Pragmatic Philosophy for Business Research

Pragmatic is an approach to learning and knowing that emphasizes practical encounters and experiences over theoretical knowledge. Its emphasis on gaining practical experience through direct engagement with the world, rather than abstract theories or speculation, makes pragmatism a natural companion to experiential education, which involves hands-on activities and experiments. Pragmatism also promotes a realistic assessment of uncertainty and encourages individuals to weigh the benefits and risks of actions before taking them.

A key feature of pragmatism is the idea that meaning in language is not a fixed property but rather a negotiation between speakers and the contexts of their utterances. This pragmatic approach to language, known as pragmatics, seeks to understand what speakers mean when they use their words and the ways that listeners try to discern those intentions and meanings.

One major framework of pragmatism is relevance theory, which was first proposed by Dan Sperber and Deirdre Wilson. This theory is based on Grice’s ideas about implicature and states that every utterance conveys some relevant information. The information is often implied, which is why a listener may need to track syntactic clues in a conversation to determine what the speaker means by an utterance.

Other aspects of pragmatism include an emphasis on the value of experience, the importance of action and the role of values in shaping decisions and behaviors. However, a key weakness of pragmatism is the tendency to neglect moral or existential concerns. For example, a business may take steps to achieve short-term goals that would benefit the company in the present but at a cost to its reputation or long-term sustainability. While this may provide a quick profit, it’s important to remember that there are moral considerations to be balanced against the need to be successful in the short term.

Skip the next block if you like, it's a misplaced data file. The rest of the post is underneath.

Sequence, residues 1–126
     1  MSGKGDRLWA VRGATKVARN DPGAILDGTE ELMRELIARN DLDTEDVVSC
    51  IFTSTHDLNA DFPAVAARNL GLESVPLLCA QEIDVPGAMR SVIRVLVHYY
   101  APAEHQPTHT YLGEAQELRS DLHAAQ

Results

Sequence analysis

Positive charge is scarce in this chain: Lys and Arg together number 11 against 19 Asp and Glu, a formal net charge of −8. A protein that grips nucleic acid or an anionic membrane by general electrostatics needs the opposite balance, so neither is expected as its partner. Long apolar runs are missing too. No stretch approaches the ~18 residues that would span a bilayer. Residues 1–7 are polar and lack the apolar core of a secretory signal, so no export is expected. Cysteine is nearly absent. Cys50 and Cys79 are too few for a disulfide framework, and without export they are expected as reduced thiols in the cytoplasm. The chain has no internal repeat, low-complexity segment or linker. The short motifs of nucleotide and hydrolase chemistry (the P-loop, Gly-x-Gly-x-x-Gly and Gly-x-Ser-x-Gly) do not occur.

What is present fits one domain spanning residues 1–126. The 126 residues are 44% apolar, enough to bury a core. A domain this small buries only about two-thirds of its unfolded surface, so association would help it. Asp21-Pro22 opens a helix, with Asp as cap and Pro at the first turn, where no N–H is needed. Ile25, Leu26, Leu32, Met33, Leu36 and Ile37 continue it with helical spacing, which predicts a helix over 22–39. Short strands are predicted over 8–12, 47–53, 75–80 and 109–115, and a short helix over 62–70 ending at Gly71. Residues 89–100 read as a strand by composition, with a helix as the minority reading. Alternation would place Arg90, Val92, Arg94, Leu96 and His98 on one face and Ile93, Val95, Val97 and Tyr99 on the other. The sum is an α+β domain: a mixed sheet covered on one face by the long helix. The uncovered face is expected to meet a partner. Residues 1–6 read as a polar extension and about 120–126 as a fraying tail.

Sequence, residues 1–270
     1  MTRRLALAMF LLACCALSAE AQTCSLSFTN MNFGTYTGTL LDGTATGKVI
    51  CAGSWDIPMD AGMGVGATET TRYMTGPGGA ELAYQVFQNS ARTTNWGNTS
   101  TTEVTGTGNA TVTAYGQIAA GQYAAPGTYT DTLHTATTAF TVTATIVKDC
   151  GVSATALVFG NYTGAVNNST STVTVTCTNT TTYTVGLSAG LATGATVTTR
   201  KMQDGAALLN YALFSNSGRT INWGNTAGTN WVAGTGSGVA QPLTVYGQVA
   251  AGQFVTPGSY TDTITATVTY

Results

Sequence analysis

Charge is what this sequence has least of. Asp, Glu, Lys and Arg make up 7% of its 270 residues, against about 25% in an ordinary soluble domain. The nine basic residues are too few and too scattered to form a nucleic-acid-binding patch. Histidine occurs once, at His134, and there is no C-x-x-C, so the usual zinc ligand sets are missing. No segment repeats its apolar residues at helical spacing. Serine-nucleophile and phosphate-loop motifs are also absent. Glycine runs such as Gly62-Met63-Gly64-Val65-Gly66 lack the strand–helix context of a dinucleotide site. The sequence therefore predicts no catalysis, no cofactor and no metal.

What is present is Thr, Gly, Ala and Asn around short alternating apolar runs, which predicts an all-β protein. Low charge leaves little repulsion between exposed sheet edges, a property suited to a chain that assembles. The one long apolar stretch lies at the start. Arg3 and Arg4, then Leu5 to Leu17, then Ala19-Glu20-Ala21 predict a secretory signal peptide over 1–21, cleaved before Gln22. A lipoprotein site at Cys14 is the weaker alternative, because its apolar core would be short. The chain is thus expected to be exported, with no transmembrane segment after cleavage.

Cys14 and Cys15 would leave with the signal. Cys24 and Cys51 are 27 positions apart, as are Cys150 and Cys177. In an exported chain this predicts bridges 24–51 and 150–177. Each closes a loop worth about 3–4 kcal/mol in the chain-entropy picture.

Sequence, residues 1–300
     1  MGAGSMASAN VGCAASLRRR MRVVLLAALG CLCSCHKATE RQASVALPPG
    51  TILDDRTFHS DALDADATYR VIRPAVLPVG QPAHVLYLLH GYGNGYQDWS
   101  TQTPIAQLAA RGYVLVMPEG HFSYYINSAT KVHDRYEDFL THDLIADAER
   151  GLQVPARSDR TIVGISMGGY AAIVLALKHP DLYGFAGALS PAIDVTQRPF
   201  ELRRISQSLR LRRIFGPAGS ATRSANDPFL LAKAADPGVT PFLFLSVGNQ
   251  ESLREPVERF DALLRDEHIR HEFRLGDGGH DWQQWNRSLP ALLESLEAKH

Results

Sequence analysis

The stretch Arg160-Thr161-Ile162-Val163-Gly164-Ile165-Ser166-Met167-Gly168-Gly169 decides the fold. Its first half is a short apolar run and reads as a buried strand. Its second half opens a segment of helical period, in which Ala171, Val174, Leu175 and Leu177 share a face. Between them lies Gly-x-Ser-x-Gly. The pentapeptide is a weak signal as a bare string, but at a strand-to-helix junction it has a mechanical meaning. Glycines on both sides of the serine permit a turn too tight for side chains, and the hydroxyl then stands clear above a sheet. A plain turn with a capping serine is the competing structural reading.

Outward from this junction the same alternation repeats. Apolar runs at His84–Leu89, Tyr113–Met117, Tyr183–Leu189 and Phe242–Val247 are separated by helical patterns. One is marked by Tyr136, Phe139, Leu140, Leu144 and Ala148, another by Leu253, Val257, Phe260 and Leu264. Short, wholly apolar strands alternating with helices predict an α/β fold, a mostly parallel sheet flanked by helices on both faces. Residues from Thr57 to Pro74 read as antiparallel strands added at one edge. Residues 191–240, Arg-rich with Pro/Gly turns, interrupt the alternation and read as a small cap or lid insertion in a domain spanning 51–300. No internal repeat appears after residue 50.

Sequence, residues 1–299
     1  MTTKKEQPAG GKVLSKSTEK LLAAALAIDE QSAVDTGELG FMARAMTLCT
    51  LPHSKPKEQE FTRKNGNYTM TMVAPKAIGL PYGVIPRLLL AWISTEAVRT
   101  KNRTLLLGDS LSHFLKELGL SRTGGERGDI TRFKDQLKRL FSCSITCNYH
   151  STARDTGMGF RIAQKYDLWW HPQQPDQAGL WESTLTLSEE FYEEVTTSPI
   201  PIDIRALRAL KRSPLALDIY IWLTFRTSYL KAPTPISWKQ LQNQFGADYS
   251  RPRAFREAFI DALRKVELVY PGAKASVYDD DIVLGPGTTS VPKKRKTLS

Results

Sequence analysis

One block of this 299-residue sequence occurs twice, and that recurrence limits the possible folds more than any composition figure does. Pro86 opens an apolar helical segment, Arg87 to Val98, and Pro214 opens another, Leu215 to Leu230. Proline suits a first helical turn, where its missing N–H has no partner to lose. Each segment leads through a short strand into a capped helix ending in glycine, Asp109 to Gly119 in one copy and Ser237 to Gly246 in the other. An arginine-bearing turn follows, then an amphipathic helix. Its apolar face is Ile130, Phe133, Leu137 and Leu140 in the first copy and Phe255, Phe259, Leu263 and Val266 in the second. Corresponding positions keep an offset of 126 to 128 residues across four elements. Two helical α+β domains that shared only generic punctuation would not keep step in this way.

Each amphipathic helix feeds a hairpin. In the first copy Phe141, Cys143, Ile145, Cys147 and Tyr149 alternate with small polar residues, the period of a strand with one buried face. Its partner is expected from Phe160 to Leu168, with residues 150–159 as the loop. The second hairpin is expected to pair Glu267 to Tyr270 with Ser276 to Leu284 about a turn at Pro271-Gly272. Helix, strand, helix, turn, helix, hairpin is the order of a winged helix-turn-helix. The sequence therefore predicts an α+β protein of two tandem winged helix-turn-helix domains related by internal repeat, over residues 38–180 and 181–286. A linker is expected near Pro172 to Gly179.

As a philosophy, pragmatism has many strengths and can be helpful in navigating research on organizations, including the development of research agendas anchored in respondent experiences. By keeping in mind that pragmatism is an iterative process, researchers can ensure their research is responsive to changing organizational practices and emergent problems.

One aspect of pragmatism that has been overlooked is the role of values in shaping decisions and actions. For example, a business that prioritizes the needs of its customers may neglect the needs of employees or its community. This may lead to ethical violations and a loss of corporate integrity. It’s important for leaders to balance the needs of their organization and its mission with the need to make practical decisions that will have a positive impact on the world around them. In doing so, they can remain true to their principles without sacrificing the success of their organization. For example, a clothing company that outsources its production to countries with less stringent labor laws may increase profits but at an ethical cost. The balancing of these values requires careful thought and a strong understanding of what is truly pragmatic in the long run. This is what makes pragmatism such a useful philosophy for researchers and organizational leaders alike.